Estimated read time: 2-3 minutes
This archived news story is available only for your personal, non-commercial use. Information in the story may be outdated or superseded by additional information. Reading or replaying the story in its archived form does not constitute a republication of the story.
Jed Boal ReportingThe four-day Utah Beehive Cluster Dog Show at the Salt Lake County Equestrian Park has attracted 1500 dogs and their owners from across the Western US.
Dog showing is a time-consuming hobby for most, a profession for some, and a year-round relationship for all of them.
170 breeds in all are competing for Best in Show at The Utah Beehive Cluster. It's a many-ringed circus with a lot of pressure, a lot of pampering, and a lot of personality. You'd even think some of the dogs could speak.
Some of the dogs are kings of the kennel. A champion American Eskimo named Juneau has won about everything there is to win, but his handler says Juneau is just a normal dog at home.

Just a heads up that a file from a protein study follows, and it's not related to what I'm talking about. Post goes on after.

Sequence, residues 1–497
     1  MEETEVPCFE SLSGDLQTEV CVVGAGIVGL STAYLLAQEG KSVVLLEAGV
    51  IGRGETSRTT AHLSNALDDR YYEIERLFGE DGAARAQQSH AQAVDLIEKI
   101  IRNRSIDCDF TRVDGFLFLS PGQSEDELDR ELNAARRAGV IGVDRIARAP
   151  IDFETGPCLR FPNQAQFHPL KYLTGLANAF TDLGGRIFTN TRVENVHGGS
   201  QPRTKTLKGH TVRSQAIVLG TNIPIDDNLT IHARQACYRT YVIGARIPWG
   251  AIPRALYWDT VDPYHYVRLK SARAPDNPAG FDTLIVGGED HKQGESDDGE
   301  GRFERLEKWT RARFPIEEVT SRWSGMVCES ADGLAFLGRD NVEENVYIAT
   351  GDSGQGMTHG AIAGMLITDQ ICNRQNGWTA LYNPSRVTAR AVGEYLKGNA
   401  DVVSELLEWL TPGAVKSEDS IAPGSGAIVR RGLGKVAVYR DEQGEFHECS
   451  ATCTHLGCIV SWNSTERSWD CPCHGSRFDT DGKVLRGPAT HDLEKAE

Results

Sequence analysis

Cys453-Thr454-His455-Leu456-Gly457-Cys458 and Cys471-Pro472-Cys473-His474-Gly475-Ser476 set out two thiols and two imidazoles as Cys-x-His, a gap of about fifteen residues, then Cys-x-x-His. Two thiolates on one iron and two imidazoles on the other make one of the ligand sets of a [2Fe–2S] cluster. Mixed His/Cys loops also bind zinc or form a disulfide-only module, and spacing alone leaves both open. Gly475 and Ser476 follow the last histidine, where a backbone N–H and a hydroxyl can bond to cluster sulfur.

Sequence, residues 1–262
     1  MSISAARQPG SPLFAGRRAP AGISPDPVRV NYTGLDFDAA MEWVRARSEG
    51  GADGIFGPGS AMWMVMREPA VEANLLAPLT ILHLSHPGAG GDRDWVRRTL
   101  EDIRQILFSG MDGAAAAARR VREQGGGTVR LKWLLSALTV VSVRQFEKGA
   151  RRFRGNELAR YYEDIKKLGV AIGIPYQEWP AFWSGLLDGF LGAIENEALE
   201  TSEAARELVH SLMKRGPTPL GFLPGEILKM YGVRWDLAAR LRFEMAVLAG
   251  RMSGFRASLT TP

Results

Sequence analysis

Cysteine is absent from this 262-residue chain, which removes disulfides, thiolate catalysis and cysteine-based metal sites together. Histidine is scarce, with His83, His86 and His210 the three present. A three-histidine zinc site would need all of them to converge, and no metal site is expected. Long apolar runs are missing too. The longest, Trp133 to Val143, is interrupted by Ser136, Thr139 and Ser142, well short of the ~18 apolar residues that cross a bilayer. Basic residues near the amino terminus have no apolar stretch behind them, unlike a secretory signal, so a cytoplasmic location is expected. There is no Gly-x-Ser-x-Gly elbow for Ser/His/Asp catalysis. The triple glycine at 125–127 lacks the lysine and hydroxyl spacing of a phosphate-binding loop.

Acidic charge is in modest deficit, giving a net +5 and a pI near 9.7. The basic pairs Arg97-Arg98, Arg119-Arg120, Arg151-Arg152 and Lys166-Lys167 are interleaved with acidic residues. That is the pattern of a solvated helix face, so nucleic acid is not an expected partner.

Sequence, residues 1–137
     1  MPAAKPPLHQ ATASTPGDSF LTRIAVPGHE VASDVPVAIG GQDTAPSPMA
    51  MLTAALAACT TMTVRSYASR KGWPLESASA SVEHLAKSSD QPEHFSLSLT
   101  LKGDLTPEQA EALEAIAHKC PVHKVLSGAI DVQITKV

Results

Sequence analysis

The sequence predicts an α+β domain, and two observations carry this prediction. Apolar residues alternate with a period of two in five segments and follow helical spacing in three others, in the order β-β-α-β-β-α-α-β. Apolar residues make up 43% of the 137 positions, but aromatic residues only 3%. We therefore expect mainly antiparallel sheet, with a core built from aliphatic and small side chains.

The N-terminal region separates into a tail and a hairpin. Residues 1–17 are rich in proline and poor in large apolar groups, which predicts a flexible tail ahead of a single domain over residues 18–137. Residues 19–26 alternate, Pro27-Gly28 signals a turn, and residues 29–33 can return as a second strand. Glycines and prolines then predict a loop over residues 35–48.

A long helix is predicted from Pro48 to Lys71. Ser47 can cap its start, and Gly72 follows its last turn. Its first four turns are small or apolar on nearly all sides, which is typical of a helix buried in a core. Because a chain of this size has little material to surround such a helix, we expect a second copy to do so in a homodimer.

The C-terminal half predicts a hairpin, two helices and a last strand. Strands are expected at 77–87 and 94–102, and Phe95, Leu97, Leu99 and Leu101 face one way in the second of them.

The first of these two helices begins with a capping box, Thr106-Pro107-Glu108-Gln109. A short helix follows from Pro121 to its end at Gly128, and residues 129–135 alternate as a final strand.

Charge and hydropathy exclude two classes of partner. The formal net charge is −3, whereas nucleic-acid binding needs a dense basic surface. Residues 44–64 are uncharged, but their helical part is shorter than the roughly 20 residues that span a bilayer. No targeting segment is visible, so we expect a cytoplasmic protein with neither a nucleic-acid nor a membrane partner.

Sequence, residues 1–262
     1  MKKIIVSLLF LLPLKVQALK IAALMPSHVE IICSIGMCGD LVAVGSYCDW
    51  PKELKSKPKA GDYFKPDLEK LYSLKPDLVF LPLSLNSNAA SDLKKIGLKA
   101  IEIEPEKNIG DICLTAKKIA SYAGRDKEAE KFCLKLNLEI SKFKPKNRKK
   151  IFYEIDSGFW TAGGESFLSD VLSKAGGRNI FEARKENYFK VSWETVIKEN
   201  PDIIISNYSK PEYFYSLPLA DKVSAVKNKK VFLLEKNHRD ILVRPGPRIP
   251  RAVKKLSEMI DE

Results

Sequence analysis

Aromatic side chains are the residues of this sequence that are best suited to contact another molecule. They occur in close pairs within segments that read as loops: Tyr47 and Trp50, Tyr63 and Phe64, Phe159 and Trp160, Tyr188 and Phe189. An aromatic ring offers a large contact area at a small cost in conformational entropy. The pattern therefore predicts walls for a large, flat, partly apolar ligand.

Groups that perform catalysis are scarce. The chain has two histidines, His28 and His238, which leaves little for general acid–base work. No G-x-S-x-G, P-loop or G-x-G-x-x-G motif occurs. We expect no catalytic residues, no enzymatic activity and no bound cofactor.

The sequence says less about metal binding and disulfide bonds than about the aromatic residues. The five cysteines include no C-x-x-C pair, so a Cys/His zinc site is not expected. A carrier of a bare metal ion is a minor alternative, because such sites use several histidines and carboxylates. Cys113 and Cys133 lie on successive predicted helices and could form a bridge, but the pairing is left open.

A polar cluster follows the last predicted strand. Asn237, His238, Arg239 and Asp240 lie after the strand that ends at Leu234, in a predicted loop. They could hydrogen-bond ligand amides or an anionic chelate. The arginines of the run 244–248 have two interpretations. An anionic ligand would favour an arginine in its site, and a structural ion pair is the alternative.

Randy Bens, Dog Handler: “This is his personality 24-7. He lays around and watches TV just like any other dog."
The people are all in it for the love of their dogs. And the dogs?
Monica Bush, Trial Helper-Handler: “They love it. My dog goes ballistic on the line. It's a riot."
For the agility handlers, it's all about the relationship with the dog. One handler tells us she spends 24 hours a day with her dog. That really helps when they have to transfer the focus to the ring.
Agility handler Joy Bishop has her sites set on the US team that will compete in the world championships.
Joy Bishop, Agility Handler: “Unless the dog has the drive and really wants to do it, you can't make him."
Whether they're cut out to be champion, or taking it at their own speed, dogs and owners alike are wrapped up in the dog's world. There are no lucrative contracts or big prize money; a ribbon is as good as it gets, but there's a lot of pride at stake.
The show is going on all weekend at the Salt Lake County Equestrian Center.